5 Jasper SkyTram

7 km (15 min) drive from town Phone (780) 852-3093. jasperskytram.com. Open late Apr. to mid-Oct. (weather dependant). Guided tours and stunning views from atop Whistlers Mountain. Canada’s longest and highest aerial tramway (7,500 ft. above sea level).

6 The Discovery Trail

(Shown in a purple dotted line. ) This trail can be accessed at several points throughout Jasper. Portions are wheelchair accessible downtown.

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7 Jasper-Yellowhead Museum & Archives

400 Bonhomme St.; 780-852-3013 jaspermuseum.org. Discover the spirit of Jasper. Admission Fee: Adults $6. Permanent exhibits of Jasper’s history. Monthly exhibits in Showcase Gallery. Summer (May - Sept.) 10 am - 5 pm Winter (Thurs. - Sun, only) 10 am - 5 pm

8 Activity & Aquatic Centre

NEW Fitness Facility! Arena, Indoor Climbing Wall, 25m Pool, Hot Tub & Steam Room, Showers Tennis & Raquetball Courts Meeting & Event Facilities Fitness & Pool: 780-852-3663 Activity Centre: 780-852-3381


Experience Wells Gray Provincial Park Imagine a place where the wild things are, free of crowds, with plenty of wide, open spaces. Helmcken Falls is Canada’s 4th highest waterfall and just one of 39 named waterfalls you’ll find here. It’s where the Murtle and Clearwater Rivers roar into life each spring and wildlife sightings are as common as sunrise and sunset. Visualize yourself in this place where there is plenty of room to breathe, to dream, and for you.

Clearwater Valley Resort & KOA Campground

heated outdoor pool • laundromat treed, park like setting • wifi mini golf • playground 52 RIDGE RESTAURANT with breakfast & dinner specials MOTEL AND BUNGALOWS extra large rooms • family rooms queen & king beds • kitchenettes air conditioning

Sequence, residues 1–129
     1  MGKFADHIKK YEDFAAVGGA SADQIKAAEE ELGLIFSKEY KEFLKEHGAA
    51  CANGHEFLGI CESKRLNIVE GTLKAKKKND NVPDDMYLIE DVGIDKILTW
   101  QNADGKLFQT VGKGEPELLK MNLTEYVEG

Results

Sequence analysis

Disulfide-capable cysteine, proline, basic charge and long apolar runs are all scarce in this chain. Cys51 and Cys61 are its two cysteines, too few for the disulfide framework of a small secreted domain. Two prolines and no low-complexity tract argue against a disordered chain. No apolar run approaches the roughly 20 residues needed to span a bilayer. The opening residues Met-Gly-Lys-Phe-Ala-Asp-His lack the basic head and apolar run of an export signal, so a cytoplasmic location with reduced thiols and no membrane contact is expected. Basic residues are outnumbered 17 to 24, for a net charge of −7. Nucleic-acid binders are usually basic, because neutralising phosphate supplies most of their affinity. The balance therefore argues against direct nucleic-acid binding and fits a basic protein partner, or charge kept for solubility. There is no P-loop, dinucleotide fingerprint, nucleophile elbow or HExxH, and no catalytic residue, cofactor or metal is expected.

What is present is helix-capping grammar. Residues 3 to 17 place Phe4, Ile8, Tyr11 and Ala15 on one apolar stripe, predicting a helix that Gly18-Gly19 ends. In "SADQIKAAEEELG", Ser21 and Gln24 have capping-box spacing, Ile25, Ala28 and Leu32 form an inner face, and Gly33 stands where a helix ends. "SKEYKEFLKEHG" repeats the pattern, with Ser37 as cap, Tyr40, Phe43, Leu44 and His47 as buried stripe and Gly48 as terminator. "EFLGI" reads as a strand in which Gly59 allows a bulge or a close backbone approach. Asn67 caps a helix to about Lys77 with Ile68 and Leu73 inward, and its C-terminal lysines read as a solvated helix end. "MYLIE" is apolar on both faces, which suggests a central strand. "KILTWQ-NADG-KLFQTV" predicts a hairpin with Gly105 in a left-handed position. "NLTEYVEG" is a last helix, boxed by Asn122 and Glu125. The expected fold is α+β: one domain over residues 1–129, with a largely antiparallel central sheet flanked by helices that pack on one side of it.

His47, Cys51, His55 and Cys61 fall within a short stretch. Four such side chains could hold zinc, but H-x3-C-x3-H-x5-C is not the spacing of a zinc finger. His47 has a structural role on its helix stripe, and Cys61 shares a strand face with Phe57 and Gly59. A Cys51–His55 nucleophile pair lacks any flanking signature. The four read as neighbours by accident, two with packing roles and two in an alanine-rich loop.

Clearwater Lake Tours 250.674.2121 clearwaterlaketours.com

KOA CAMPGROUND AND KAMPING KABINS 50 & 30 amp sites • firepits & tables pull thru sites

Call: 1.888.837.1161 or 250.674.3909 www.clearwatervalley.com 373 Clearwater Valley Road, Clearwater

Guided Trips: - Boat Tours - Canoe & Hiking - Water Taxi - Camping all incl. Rentals: - Canoe - Kayaks - Fishing & Camping Gear Check out our Café and Art Display

Wells Gray Provincial Park is the place you invision, with 5,250 sq km of alpine wilderness, borne from volcanoes and carved by glaciers, one of the most unique landscapes in all of BC; where your days are measured in vertical feet, big game sightings and the number of waterfall shots on your camera. Murtle Lake is North America’s largest canoeonly lake. It’s here, through a kaleidoscope of colour where you can hike through the wildflower meadows of the Trophy Mountains. It is among old-growth interior rainforests that you’ll find serenity. It’s your staging ground for pure wilderness adventures… camping, hiking, white-water rafting, canoeing, dog-sledding or touring; by car, on foot, or from high in the saddle… in the Canada you imagined. Pull up a lawn chair and join in the party – plan your getaway around one of our signature events. There’s no better way to mingle with the locals than raising a pint, sharing a dance, or staring into space together. Serenity Music, Stargazing, a celebration of the First Fish and one big-time Canoe Regatta are just some of the ways we like to celebrate around here. Drop by the Clearwater Visitor Centre located on Hwy #5, halfway between Valemount and Kamloops, and the staff will ensure you get the most from your visit to this breath-taking area!